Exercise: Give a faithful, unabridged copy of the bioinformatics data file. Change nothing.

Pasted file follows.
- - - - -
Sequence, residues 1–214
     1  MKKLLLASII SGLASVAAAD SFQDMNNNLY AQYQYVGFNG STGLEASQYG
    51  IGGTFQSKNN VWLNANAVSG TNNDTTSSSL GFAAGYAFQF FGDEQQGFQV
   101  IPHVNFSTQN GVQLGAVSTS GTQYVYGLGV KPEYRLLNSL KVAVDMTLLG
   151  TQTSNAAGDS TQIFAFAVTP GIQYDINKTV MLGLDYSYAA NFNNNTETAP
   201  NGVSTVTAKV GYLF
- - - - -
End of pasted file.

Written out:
Sequence, residues 1–214
     1  MKKLLLASII SGLASVAAAD SFQDMNNNLY AQYQYVGFNG STGLEASQYG
    51  IGGTFQSKNN VWLNANAVSG TNNDTTSSSL GFAAGYAFQF FGDEQQGFQV
   101  IPHVNFSTQN GVQLGAVSTS GTQYVYGLGV KPEYRLLNSL KVAVDMTLLG
   151  TQTSNAAGDS TQIFAFAVTP GIQYDINKTV MLGLDYSYAA NFNNNTETAP
   201  NGVSTVTAKV GYLF